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Are you relying on best endeavours clauses?

Corporate and Commercial / 29 January 2021

The rolling out of AstraZeneca’s COVID-19 vaccine continues to suggest a way out of Britain’s national lockdown. However, the manufacture and distribution of the vaccine is being stretched, and the manufacturer faces constant pressure and criticism as the EU escalates the row about the broken promises made for the supply of vaccines to it.

The EU, which is now encouraging AstraZeneca to publish the advance purchase agreement that it signed with the bloc concerning the supply of the vaccination, was based on a “best-effort clause” (otherwise known as a best endeavours clause) and contained no specific delivery dates.

Since signing that contract, AstraZeneca has advised the EU that it is cutting its supplies of the vaccination in the first quarter due to issues with the vaccine production in its Belgian factory.

This issue has shone a spotlight on the frequently overused but misunderstood concept of “best endeavours”.

It is worth noting that the EU official has commented that “Best effort is a completely standard clause when you are signing a contract with a company for a product that does not yet exist”. “Obviously you cannot put a completely legal obligation” under these conditions. The EU official also said that the best effort meant that the company had to show an “overall” effort to develop and deliver vaccines. This statement still leaves the interpretation of “best endeavours” wide open.

An obvious way to avoid these types of misunderstandings and disputes is to be clear and concise in the wording of the contract. Where possible, parties should specify exact figures, dates and other details which would mitigate ambiguity or unrealistic expectations of any of the parties to the contract.

However, as with the particulars of the case in hand, the subject of the contract is not always certain. In such circumstances, a party can only try to achieve the fulfilment of an obligation.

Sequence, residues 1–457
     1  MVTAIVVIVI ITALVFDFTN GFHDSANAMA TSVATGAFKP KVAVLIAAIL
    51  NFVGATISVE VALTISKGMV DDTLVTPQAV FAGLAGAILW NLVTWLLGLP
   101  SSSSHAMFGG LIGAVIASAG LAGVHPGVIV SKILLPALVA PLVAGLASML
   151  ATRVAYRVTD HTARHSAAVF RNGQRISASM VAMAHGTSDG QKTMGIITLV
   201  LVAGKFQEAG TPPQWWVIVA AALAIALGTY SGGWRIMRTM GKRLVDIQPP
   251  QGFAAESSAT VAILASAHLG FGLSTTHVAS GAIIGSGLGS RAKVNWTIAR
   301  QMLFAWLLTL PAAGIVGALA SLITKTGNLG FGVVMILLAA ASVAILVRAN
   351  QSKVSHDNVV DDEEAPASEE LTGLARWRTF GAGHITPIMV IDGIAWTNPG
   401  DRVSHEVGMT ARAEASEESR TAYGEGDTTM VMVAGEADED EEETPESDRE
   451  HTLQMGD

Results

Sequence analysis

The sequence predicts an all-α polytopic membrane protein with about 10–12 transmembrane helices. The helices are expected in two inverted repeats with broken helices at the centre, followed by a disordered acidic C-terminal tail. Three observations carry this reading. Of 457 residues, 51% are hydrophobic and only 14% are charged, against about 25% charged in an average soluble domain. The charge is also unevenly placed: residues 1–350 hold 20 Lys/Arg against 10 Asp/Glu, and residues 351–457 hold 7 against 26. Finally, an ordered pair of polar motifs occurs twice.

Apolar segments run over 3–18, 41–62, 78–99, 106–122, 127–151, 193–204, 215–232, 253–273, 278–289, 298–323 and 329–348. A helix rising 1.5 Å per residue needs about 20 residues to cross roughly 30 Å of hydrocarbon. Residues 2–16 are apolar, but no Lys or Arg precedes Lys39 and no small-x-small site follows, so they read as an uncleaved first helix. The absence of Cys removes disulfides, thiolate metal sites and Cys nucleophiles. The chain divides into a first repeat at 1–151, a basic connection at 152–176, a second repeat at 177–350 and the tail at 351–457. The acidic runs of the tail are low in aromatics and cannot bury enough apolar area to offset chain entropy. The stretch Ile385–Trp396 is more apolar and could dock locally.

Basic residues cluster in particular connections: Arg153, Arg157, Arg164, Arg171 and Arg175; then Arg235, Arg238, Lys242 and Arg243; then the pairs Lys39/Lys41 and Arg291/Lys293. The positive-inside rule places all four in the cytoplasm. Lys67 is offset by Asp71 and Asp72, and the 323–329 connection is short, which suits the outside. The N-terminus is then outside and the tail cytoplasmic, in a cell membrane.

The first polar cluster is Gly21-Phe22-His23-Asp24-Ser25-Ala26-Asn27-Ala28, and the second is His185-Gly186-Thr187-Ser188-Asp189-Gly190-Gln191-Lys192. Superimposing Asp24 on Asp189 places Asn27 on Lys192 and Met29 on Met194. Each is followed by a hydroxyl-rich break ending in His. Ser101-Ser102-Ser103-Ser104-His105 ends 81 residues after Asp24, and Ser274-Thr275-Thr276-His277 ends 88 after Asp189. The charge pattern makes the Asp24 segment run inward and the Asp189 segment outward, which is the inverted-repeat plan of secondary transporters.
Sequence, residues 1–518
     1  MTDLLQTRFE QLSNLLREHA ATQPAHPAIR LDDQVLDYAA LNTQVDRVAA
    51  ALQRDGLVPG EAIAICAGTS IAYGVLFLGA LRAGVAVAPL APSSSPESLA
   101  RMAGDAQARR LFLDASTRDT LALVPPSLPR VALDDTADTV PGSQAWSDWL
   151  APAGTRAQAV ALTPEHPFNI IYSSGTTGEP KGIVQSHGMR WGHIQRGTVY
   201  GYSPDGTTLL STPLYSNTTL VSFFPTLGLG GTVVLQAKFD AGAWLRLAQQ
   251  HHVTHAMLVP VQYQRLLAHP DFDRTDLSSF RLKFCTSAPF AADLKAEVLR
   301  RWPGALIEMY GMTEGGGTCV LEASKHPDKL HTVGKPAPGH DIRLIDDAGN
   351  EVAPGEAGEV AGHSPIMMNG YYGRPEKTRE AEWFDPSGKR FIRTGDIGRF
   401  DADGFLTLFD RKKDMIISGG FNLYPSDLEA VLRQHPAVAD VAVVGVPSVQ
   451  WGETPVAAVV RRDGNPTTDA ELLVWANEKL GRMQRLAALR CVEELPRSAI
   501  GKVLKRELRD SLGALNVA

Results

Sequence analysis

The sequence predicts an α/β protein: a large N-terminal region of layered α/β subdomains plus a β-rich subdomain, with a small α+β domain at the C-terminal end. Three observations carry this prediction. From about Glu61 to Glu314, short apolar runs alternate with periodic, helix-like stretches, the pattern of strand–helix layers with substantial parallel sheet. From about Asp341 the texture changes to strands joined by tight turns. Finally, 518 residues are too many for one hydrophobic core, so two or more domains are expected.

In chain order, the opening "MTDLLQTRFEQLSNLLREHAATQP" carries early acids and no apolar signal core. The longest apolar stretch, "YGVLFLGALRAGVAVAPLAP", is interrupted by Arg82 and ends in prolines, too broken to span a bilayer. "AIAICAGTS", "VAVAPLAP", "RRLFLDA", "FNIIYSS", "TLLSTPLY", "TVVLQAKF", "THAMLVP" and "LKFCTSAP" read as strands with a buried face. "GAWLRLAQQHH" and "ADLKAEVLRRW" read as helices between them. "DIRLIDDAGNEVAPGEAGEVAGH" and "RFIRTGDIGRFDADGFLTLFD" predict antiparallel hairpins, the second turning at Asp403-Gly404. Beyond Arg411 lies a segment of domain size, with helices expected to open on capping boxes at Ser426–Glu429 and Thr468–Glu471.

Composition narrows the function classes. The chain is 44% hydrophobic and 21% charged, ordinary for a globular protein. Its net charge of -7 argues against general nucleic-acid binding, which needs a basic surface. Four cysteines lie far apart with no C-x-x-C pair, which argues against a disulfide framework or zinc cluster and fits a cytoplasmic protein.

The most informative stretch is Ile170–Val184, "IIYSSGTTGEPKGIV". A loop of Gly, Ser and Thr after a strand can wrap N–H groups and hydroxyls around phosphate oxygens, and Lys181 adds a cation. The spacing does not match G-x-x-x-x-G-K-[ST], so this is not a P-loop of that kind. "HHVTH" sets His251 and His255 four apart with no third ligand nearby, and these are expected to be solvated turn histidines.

The manufacturing company will not want to commit itself to onerous obligations which expose it to falling foul of its contractual obligations, whilst the customer party will want to include maximum certainty and oblige the manufacture and distributor to do all that it reasonably can to manufacture and deliver the products as soon as is practicable. Parties will typically introduce endeavour clauses to address this, but these inevitably present uncertainties within the agreement.

To understand the meaning of a best endeavours clause Courts have regard to general construction rules including assessing the clause at the time the contract is formed by reference to its terms, the other provisions of the contract, the overall purpose of the contract and the surrounding commercial context.

Case law relating to the use of a best endeavour clauses is vast, and the judgements in each case emphasise the different results that such clauses can produce. For example, case law tells us that a commitment by a party to use best endeavours could be interpreted so widely as to oblige a party to act against its own commercial interests, or to enter into litigation or appeal a decision. Such obligations could leave a party exposed to significant costs and losses.

Given their ambiguous nature, it is essential that parties expressly detail what the objective of the endeavours clause is to avoid it failing due to ambiguity, or otherwise resulting in long and expensive litigation around its interpretation.

Another practical solution is for the contract to specifically identify the steps that a party must take to fulfil its obligation, such as how much time and expense should be committed, and any specific actions that are not required to be carried out.

 

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This update is for general purposes and guidance only and does not constitute legal or professional advice. You should seek legal advice before relying on its content. For advice, get in touch with your usual Greenwoods GRM contact or scroll down to complete our enquiry form.

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